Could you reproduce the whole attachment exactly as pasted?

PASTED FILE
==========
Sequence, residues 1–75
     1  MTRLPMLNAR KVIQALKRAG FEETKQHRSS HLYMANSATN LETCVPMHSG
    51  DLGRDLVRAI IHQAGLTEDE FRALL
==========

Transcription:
Sequence, residues 1–75
     1  MTRLPMLNAR KVIQALKRAG FEETKQHRSS HLYMANSATN LETCVPMHSG
    51  DLGRDLVRAI IHQAGLTEDE FRALL